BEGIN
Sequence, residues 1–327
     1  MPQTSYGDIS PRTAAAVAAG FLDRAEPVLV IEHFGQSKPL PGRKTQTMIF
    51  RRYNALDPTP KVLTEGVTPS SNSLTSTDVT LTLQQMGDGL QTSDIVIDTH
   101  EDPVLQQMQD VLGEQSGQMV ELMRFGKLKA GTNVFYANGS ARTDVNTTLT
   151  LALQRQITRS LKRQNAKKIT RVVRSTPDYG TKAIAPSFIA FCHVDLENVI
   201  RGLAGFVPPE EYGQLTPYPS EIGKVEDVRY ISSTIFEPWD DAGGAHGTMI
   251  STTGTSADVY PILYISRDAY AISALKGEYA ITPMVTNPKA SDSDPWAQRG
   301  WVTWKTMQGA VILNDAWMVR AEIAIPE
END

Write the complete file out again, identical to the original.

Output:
Sequence, residues 1–327
     1  MPQTSYGDIS PRTAAAVAAG FLDRAEPVLV IEHFGQSKPL PGRKTQTMIF
    51  RRYNALDPTP KVLTEGVTPS SNSLTSTDVT LTLQQMGDGL QTSDIVIDTH
   101  EDPVLQQMQD VLGEQSGQMV ELMRFGKLKA GTNVFYANGS ARTDVNTTLT
   151  LALQRQITRS LKRQNAKKIT RVVRSTPDYG TKAIAPSFIA FCHVDLENVI
   201  RGLAGFVPPE EYGQLTPYPS EIGKVEDVRY ISSTIFEPWD DAGGAHGTMI
   251  STTGTSADVY PILYISRDAY AISALKGEYA ITPMVTNPKA SDSDPWAQRG
   301  WVTWKTMQGA VILNDAWMVR AEIAIPE